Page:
Alumni Spotlight: José María del Pino receives J-School Global Migrations Fellowship
José María del Pino (JRN'23), a Chilean journalist who recently graduated from Columbia Journalism School with an M.A. in Politics Concentration, has been selected for the prestigious Investigative Journalism Fellowship in Global Migrations.
Del Pino’s restless nature is evident: After studying Journalism in Santiago, he worked for several years in relevant Chilean media like Canal 13 and Radio Bío-Bío, was an international correspondent for El Clarín in Argentina, and he also started an academic career as a professor of Journalism at Universidad Gabriela Mistral. Even after relocating to New York, he has continued working as a correspondent for Canal 13 and Cooperativa, one of Chile’s main radio stations.
The following article is a firsthand account of his experience at the J-School, his thesis project, on being selected as a postgraduate fellow, and of his new role as a Copy Editor at Telemundo 47, a television station that serves as the Telemundo outlet for the New York City area.
Studying at Columbia
Academically, studying at the Joseph Pulitzer School of Journalism under professors such as Nick Lemann, Michael Schudson, and Alexander Stille, was a privilege. Stille – who is a Professor of International Journalism – not only was my thesis supervisor, but I feel like I gained a friend for many years to come. Soon I will attend the launching of his book about the psychedelic movement in the US. He has a great writing style, and we have discussed the possibility of translating his writings into Spanish.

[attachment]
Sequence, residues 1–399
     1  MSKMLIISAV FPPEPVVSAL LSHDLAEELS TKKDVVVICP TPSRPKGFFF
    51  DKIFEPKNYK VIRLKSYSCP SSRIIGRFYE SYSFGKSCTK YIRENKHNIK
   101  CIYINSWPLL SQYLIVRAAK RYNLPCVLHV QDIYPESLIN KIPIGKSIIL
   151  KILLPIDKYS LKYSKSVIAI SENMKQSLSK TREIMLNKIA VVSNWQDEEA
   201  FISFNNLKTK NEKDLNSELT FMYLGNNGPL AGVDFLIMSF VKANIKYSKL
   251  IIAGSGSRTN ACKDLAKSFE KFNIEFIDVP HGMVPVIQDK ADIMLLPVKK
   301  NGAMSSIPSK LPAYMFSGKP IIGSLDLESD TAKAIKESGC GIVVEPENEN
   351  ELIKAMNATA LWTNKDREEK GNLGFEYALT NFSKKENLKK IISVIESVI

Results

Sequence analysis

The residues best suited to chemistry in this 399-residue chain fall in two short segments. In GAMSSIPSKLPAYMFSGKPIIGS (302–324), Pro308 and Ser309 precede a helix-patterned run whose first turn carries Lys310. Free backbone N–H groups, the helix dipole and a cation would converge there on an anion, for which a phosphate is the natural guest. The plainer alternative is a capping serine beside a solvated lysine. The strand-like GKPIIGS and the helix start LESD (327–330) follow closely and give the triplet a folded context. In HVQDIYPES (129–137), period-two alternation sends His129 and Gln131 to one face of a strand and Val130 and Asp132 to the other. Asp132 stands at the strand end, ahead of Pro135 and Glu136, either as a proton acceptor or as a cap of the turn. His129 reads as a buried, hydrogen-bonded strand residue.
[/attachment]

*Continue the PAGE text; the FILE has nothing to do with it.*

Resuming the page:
Practically all of my studies were self-funded, but every penny has been well invested. It would have been very difficult to do it without the support of my family and my future husband, Pedro, who left everything behind to join me. The support from Columbia was also crucial. We didn't want to rush into marriage to fulfill legal requirements, but the university never questioned that we were a de facto couple and not legally married. We were accommodated in a family apartment and all we received was love and support. Pedro also managed to pursue his dreams and I see him very happy. He was accepted to the American Music and Dramatic Academy (AMDA), one of the top schools in the country in the field of acting, so moving to New York was a great family decision. Several colleagues have asked me if it has been worth it. And of course, it has!
The M.A. in Politics Concentration thesis is a once-in-a-lifetime opportunity for many journalists, as we have six months to extensively research a topic with associated resources through grants. In my case, in addition to that, the school awarded me the Morton Mintz Fellowship for covering international social policy, which allowed me to finance a trip to Peru and Colombia, following the trail of the Tren de Aragua (a Venezuelan criminal organization present in several other Latin American countries).
My initial idea was to expose the Tren de Aragua unique criminal business model, which I define as a “criminal conglomerate” with no particular affinity for any specific illegal activity: If in one territory they need to kill, traffic, and steal, they do it. If they need to extort, sexually exploit women and men in another place, they do that too. Basically, they respond to the “market gaps” of each country.